I’ve always been against private schooling. I’m glad that others, even those who went to them themselves, are also seeing how bad they are for society.
I hate the new trend of British private schools opening branches abroad because the reason, it seems to me, is naked and unreflecting expansionism. It’s not spreading the original institution’s educational values because, as the Times investigation shows, they’re all too ready to drop those values in order to continue to trade. The desire for revenue obviously plays a part but, as the institutions don’t make profits, I don’t think personal financial rewards for the various executive headteachers or boards of governors are a huge factor. It’s less intelligent than that. It comes from an ill-considered capitalistic urge for growth, nothing more thought through than bigger is better.
This is the same reason McDonald’s opened a branch in Soviet Moscow, but that was fine because, as far as I know, McDonald’s has never applied for charitable status. What is astonishing is how, by conducting themselves in this way, private schools seem to have given up on making a meaningful argument to retain that status themselves. They’ve just stopped caring about the views of the likes of me. Is the right wing of the Conservative party now so completely dominant that the idea of keeping the sympathy of anyone on the left or in the centre feels like a waste of time?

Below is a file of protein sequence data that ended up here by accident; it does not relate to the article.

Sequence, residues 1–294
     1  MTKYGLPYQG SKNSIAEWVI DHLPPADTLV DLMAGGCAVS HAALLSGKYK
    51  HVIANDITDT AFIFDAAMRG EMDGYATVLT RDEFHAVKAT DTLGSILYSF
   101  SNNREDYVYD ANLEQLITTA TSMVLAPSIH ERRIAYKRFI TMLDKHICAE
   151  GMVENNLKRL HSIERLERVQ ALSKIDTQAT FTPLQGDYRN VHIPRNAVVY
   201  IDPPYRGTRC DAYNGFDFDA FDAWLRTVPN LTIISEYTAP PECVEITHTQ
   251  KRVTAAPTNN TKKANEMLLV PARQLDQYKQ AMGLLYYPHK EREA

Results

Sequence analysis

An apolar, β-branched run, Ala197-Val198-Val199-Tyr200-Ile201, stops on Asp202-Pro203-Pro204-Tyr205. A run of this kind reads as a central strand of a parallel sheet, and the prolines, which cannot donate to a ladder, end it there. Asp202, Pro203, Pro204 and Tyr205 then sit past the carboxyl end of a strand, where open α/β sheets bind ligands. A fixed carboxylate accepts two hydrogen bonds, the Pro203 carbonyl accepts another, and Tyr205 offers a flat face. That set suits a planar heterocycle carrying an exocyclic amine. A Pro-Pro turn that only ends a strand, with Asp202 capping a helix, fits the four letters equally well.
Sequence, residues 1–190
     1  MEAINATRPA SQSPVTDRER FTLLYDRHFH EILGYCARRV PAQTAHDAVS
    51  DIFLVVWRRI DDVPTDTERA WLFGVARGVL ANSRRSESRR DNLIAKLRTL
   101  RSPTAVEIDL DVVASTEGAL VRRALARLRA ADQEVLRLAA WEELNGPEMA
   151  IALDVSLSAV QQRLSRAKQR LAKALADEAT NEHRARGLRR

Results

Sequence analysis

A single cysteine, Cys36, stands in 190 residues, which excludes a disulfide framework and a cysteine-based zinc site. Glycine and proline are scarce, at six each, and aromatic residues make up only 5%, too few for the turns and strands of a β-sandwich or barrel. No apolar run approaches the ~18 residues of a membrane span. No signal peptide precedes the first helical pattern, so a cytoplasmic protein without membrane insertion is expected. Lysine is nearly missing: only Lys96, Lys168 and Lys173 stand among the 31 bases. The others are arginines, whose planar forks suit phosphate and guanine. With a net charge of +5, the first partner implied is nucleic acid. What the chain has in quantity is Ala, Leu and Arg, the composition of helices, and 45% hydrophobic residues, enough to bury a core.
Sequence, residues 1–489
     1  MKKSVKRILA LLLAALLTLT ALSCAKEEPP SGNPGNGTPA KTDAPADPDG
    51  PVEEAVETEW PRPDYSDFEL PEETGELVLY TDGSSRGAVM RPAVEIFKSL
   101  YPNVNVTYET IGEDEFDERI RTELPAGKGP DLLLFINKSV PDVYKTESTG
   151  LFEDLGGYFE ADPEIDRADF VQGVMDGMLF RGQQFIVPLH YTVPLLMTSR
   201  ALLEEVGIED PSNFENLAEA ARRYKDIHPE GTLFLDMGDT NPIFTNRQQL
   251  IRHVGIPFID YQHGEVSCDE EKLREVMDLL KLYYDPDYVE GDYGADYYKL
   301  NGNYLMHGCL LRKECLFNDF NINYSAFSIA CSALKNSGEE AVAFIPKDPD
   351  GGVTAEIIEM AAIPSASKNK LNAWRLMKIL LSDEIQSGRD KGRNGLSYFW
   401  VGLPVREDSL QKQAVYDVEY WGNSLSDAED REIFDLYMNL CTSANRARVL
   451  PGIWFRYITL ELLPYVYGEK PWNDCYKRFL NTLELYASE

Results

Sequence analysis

Source: Expansionist private schools need a lesson in morality | David Mitchell | The Guardian